Velocity and Attenuation Structure of the Geysers Geothermal Field, California

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The Geysers geothermal field is located in northern California and is one of the world's largest producers of electricity from geothermal energy. The resource consists of primarily dry steam which is produced from a low, porosity fractured graywacke. Over the last several years steam pressure at the Geysers has been dropping. Concern over decline of the resource has prompted research to understand its fundamental nature. A key issue is the distribution of fluid in the matrix of the reservoir rock. In this paper we interpret seismic compressional-wave velocity and attenuation data at the Geysers in terms of the geologic structure ... continued below

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Zucca, J. J.; Hutchings, L. J. & Kasameyer, P. W. January 1, 1993.

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The Geysers geothermal field is located in northern California and is one of the world's largest producers of electricity from geothermal energy. The resource consists of primarily dry steam which is produced from a low, porosity fractured graywacke. Over the last several years steam pressure at the Geysers has been dropping. Concern over decline of the resource has prompted research to understand its fundamental nature. A key issue is the distribution of fluid in the matrix of the reservoir rock. In this paper we interpret seismic compressional-wave velocity and attenuation data at the Geysers in terms of the geologic structure and fluid saturation in the reservoir. Our data consist of approximately 300 earthquakes that are of magnitude 1.2 and are distributed in depth between sea level and 2.5 km. Using compressional-wave arrival times, we invert for earthquake location, origin time, and velocity along a three-dimensional grid. Using the initial pulse width of the compressional-wave, we invert for the initial pulse width associated with the source, and the one-dimensional Q structure. We find that the velocity structure correlates with known mapped geologic units, including a velocity high that is correlated with a felsite body at depth that is known from drilling. The dry steam reservoir, which is also known from drilling, is mostly correlated with low velocity. The Q increases with depth to the top of the dry steam reservoir and decreases with depth within the reservoir. The decrease of Q with depth probably indicates that the saturation of the matrix of the reservoir rock increases with depth.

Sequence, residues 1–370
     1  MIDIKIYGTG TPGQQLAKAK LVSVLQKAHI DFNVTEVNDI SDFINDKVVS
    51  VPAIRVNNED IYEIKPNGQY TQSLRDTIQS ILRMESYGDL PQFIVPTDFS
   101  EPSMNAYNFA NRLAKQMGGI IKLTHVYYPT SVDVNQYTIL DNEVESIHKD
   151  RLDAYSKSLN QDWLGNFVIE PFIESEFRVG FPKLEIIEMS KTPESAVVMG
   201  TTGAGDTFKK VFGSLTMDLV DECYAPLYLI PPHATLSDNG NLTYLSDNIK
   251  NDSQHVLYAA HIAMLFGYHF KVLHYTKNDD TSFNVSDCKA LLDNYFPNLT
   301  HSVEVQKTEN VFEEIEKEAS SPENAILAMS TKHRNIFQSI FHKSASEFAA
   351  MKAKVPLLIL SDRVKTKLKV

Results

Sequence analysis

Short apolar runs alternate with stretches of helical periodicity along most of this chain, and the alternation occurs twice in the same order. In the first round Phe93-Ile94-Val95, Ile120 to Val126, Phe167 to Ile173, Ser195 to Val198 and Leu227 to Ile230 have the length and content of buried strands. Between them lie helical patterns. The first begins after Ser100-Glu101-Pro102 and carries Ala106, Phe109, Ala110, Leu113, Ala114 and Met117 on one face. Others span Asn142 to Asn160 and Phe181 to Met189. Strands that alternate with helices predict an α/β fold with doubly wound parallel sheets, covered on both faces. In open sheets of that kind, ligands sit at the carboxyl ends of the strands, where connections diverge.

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  • Report No.: UCRL-JC-113393
  • Grant Number: W-7405-Eng-48
  • Office of Scientific & Technical Information Report Number: 882058
  • Archival Resource Key: ark:/67531/metadc892945

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Office of Scientific & Technical Information Technical Reports

Reports, articles and other documents harvested from the Office of Scientific and Technical Information.

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  • January 1, 1993

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  • Sept. 23, 2016, 2:42 p.m.

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  • Dec. 8, 2016, 1:45 p.m.

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Zucca, J. J.; Hutchings, L. J. & Kasameyer, P. W. Velocity and Attenuation Structure of the Geysers Geothermal Field, California, article, January 1, 1993; Livermore, California. (digital.library.unt.edu/ark:/67531/metadc892945/: accessed November 20, 2017), University of North Texas Libraries, Digital Library, digital.library.unt.edu; crediting UNT Libraries Government Documents Department.